Whether Orgeron will stay this open as LSU's permanent head coach remains to be seen. In an interview last fall, Orgeron said he wanted to be more open with the media.
[LSU Coach Gerry] DiNardo had open practices everywhere he coached. During the week of an LSU-Georgia game, then-Bulldogs coach Jim Donnan called to tell DiNardo he needed to read some blogs.
"They were telling everyone what we're doing at practice," DiNardo says. ...
"I always stressed, 'Let's not share our ideas with the wrong people,'" DiNardo says. "When I was at LSU, Brad Scott was at South Carolina. We didn't play each other on the schedule. He asked to send his offensive staff to LSU during an off week. I said, 'Brad, I just can't do it.' You never know where your coaches will be in the future."
Sometimes coaches even take advantage of visits with other staffs to help their own recruiting.
In 2013, Clemson brought in a strong recruiting class but lost highly recruited defensive linemen Carl Lawson and Montravius Adams to Auburn at the very end. Clemson assistant coach Jeff Scott said Lawson and Adams told him that Auburn's superior housing for athletes was a major factor in their choices.
So one day after meeting with Auburn coach Gus Malzahn's staff, Scott decided to see the Auburn apartments for himself. He snuck into one of them and asked a player if he could take some pictures. "He didn't know who I was, but I'm in there taking pictures of his room," Scott says.
Scott showed the pictures to Clemson coach Dabo Swinney and university officials. Now the university is in the process of spending $2 million on renovations for an apartment complex that houses football players and non-athletes. ...

L-R: Brad Scott, Rick Neuheisel, Mike Riley
[Former UCLA coach Rick] Neuheisel remembers how he once got considerable blowback from fellow coaches about a rule that most of them wanted, but they were suspicious because he was the one proposing it.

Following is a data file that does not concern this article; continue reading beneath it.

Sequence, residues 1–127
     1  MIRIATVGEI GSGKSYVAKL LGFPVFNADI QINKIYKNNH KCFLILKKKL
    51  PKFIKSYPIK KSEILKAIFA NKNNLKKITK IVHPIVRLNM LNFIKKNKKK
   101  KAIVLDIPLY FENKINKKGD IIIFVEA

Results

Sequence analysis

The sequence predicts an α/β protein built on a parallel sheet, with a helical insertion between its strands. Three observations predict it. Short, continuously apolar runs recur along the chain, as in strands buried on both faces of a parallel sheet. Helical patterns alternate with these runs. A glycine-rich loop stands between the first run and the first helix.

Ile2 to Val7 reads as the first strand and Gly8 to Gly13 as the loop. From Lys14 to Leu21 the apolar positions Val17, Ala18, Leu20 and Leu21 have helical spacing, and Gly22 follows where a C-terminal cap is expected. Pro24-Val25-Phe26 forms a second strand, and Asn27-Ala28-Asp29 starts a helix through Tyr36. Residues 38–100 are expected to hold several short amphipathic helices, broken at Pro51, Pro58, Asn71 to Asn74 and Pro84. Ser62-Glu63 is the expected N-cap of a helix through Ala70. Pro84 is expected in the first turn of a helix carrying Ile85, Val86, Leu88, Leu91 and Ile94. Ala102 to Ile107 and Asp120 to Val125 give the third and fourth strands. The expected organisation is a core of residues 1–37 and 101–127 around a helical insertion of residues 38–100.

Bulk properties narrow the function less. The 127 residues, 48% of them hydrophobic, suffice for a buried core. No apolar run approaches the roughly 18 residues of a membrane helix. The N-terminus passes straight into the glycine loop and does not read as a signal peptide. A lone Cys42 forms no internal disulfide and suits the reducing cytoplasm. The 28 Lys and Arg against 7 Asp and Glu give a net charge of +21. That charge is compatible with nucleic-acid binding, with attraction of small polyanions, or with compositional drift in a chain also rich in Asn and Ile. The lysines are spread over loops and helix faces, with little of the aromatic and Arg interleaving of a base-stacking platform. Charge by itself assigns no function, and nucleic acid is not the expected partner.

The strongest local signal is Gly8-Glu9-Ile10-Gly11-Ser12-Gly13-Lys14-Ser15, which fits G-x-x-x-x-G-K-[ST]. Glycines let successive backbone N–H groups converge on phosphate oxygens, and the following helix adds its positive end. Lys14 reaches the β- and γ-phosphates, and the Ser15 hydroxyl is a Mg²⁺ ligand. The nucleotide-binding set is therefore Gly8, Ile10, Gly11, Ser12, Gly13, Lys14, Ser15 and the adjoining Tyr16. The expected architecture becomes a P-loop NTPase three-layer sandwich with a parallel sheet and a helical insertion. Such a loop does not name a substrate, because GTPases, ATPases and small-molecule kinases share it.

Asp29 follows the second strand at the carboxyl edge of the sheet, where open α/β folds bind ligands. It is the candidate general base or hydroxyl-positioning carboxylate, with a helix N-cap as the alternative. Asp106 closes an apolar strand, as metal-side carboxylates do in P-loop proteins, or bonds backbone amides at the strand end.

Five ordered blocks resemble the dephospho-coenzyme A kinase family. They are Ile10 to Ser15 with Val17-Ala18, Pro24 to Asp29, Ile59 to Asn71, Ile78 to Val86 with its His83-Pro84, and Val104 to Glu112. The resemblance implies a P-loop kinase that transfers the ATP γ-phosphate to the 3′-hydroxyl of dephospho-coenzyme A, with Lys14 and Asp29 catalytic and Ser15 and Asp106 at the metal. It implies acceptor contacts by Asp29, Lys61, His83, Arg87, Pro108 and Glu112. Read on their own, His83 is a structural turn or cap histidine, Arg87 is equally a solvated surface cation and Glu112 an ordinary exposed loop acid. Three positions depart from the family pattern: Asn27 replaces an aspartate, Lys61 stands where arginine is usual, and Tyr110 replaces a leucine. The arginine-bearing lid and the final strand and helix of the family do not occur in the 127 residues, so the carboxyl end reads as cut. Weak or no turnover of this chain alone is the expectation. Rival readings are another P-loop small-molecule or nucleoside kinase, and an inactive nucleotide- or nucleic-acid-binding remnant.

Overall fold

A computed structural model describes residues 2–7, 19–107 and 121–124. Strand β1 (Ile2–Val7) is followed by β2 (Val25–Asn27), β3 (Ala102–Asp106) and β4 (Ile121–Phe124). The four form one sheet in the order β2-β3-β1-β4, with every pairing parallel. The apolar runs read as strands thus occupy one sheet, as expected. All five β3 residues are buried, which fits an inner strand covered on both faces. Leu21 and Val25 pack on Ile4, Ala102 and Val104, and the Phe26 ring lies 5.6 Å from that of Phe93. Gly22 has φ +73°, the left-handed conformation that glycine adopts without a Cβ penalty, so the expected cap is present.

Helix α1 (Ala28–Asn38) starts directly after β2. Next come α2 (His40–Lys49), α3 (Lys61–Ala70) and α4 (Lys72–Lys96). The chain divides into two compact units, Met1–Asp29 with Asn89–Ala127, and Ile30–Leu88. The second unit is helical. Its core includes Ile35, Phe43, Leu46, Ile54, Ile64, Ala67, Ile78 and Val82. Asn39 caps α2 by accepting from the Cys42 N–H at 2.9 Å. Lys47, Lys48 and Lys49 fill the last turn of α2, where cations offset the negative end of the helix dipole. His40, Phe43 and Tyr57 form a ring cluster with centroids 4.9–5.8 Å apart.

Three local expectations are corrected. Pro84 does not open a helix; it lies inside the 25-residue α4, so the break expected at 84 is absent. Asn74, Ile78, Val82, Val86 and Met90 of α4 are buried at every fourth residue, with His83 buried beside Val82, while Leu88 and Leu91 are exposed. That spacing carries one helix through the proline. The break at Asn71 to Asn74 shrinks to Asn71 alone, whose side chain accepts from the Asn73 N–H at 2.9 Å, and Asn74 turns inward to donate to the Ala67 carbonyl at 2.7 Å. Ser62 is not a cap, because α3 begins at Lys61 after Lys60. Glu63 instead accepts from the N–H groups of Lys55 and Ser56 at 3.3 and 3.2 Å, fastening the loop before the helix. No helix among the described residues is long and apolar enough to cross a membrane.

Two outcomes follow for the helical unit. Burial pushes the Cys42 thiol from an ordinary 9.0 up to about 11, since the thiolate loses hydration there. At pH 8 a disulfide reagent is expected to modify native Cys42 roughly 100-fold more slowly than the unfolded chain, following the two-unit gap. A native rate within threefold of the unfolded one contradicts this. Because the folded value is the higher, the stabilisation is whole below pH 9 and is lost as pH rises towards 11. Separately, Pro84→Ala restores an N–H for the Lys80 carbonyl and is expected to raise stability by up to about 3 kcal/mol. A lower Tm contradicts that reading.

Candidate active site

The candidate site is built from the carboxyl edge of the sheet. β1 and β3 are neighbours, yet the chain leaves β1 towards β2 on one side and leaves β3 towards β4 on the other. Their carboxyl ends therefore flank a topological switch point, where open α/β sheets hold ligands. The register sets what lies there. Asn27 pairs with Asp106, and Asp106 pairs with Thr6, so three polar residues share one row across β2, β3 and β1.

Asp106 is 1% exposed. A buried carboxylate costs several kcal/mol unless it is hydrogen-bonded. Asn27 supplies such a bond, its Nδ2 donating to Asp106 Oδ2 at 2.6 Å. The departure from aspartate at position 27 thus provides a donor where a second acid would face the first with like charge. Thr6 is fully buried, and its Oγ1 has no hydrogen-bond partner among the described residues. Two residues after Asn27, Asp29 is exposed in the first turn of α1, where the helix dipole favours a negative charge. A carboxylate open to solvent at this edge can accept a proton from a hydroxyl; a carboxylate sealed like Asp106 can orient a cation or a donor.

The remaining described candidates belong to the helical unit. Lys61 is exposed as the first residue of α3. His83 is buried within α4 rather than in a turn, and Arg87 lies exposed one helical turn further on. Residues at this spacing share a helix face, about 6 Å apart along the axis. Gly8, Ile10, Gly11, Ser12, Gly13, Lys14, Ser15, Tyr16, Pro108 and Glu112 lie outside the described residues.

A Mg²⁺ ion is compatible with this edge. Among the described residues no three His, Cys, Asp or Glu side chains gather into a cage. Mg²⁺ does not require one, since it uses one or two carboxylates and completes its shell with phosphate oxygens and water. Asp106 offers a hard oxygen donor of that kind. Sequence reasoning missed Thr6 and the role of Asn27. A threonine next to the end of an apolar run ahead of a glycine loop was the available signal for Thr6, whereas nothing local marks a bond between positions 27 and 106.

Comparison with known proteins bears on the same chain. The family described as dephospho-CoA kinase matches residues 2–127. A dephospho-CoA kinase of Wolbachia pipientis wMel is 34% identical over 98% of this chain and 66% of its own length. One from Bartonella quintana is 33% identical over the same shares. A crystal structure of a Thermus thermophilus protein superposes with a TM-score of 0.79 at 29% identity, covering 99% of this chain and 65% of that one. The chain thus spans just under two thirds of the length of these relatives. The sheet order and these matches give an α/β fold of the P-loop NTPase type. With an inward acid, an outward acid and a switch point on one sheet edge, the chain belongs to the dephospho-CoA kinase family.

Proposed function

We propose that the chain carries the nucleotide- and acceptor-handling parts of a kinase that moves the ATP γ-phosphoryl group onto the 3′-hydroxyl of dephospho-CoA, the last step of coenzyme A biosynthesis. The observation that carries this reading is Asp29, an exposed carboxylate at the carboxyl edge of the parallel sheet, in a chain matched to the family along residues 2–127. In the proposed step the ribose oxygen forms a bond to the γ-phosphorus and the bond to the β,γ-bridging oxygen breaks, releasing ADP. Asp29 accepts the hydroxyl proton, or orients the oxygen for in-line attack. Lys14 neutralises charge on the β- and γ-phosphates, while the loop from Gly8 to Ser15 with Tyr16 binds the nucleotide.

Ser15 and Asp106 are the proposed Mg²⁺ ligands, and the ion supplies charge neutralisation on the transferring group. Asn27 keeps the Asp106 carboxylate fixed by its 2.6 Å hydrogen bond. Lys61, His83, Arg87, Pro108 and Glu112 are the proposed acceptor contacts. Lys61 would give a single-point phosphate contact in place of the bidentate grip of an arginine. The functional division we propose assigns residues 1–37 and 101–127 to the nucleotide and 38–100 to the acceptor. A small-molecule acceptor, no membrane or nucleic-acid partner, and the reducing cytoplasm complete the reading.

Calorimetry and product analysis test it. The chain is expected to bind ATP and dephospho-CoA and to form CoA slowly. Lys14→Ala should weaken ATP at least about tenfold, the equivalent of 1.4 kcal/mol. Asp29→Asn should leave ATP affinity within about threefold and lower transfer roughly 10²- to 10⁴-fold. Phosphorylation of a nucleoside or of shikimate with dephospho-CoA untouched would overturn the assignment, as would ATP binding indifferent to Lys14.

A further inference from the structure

At a meeting of the American Football Coaches Association, Neuheisel proposed more leniency for medical redshirt players. By limiting a medical redshirt to no more than three games, he wanted playres who got hurt early in the season to have the ability to return later to beef up rosters as injuries mount. Most teams just have a doctor fudge that the player was hurt the whole year anyway when in fact he can often return, Neuheisel says.
"Every head coach looked at me like I was trying to pull a fast one on them," Neuheisel says. "It's the perfect scenario of the world of paranoia. They think because Rick Neuheisel has this reputation of being creative, the rule is a deal-breaker. I realized then the deal wasn't so much the rule I proposed, it was me. They didn't trust me.
After that incident, Neuheisel took different approach with rules. One year at the Pac-12 coaches' meetings, Neuheisel wanted to increase the conference's travel-squad numbers (60 players per team) closer to the Big Ten and SEC limits (70 players).
But Neuheisel knew he was toxic, especially in a room with so many big egos, such as Stanford's Jim Harbaugh and USC's Carroll. So Neuheisel had then-Oregon State coach Mike Riley pitch the idea.
"Mike is the nicest guy in the world, so he pitched it to the ADs and we got 70," Neuheisel says. "Had Rick Neuheisel pitched it, we'd still be at 60. ..."